d)

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practice dictates the use of a unity Diversity Factor in order to provide a measure of spare capacity in the service equipment. (e) Determine the location and estimate the size of all required electric equipment spaces including switchboard rooms, emergency equipment spaces, electric closets, and so forth. NOTE: - Panel boards are normally located in closets but may be located in corridor walls or elsewhere. This work is necessary at this point to enable the architect to reserve these spaces for the electrical equipment. Once the design is accomplished in detail, the estimated space requirements can be checked and necessary adjustments made. (f) (g) Design the lighting for the facility. This step is complex and involves a continued interaction between the architect and the lighting designer. On the same plan, or on a separate plan, as decided, locate all electrical apparatus including receptacles, switches, motors, and other power consuming apparatus. Under floor duct and ceiling track systems would be shown at this stage. If extensive, a separate plan is made. On the plan, locate signal apparatus such as phone outlets, speakers, microphones, TV outlets, fire and smoke detectors, and so on. Make drawing showing all lightings, devices, and power equipments circuit connection to the appropriate panel board. Prepare the panel schedule (table). This table shows the load distribution over the three phases and the type of load which is connected on each circuit. At this step, include the separate circuitry for emergency equipments and for spare circuit. From the panel schedule (table) compute panel loads, And make connection rearrangement so that you will be able to an optimum power balance over the three phases R, S and T. Prepare the riser diagram. This includes design of distribution panels, switchboards, and service equipment. Compute feeder sizes and all protective equipment ratings. Cheek the preceding work.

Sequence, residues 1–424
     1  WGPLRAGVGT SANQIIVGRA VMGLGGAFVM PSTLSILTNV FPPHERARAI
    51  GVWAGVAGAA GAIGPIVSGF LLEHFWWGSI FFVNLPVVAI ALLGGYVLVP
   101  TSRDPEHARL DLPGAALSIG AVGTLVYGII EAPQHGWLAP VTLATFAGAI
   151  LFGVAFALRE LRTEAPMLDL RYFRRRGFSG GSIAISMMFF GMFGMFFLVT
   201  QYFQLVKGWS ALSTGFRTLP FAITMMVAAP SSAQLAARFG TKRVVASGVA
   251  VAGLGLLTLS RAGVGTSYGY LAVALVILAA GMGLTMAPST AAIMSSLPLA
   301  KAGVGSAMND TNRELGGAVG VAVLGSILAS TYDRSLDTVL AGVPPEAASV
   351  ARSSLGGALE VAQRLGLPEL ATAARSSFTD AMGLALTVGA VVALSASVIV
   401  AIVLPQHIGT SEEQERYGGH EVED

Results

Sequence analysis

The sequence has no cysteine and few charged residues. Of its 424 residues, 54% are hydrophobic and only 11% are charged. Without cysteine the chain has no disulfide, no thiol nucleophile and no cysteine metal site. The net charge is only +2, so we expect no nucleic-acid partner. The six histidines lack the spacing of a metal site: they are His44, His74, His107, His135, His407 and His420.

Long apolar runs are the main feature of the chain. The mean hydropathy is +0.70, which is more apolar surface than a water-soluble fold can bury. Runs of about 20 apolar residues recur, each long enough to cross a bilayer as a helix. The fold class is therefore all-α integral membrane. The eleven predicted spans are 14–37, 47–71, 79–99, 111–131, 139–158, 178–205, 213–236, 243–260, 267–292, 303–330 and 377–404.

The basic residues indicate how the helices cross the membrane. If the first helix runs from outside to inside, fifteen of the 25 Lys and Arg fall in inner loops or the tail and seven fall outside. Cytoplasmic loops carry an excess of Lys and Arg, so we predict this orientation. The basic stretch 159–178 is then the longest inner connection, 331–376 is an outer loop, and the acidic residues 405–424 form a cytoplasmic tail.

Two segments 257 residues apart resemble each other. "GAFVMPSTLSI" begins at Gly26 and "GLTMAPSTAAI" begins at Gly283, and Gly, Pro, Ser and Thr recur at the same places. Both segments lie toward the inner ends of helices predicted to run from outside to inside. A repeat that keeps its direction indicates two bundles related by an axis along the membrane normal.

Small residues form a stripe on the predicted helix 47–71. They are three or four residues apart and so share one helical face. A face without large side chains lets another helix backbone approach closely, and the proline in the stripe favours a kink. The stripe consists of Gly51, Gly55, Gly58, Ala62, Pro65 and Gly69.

(h) (i) (j)

(k)

(l) (m) (n)

Branch Circuit Design Guidelines for Residential (a) (b) The NEC requires for residences sufficient circuitry to supply a load of 3w/sq ft in the building, excluding unfinished spaces such as porches, garages, and basements. The NEC requires a minimum of two 20-amp appliance branch circuits to feed all the small appliance outlets in the kitchen, pantry, dining room, family room etc. Furthermore, all kitchen outlets must be fed from at least two of these circuits (Avoid placing all the lighting in a building on a single circuit). Also receptacles should be circuited with preferably two, but not more than four on a 20-amp circuit.

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(c)

The NEC requires that at least one 20-amp circuit supply to be set for laundry outlets. This requirement satisfies good practice. If electric clothes dryer is anticipated an individual branch circuit should be supplied to serve this load, via a heavy-duty receptacle. Do not combine receptacles and switches into a single outlet except where convenience of use dictates high mounting of receptacles. Circuit the lighting and receptacles so that each room has parts of at least two circuits. This includes basements and garages. Supply at least one receptacle in the bathroom and one outside the house Provide switch control for closet lights. In bedrooms supply two duplex outlets at each side of the bed location to accommodate electric blanket, clocks, radios, lamps, and other such appliances. Since receptacles are counted as part of general lighting and no additional load is included for them, no limit is placed on the number of recepta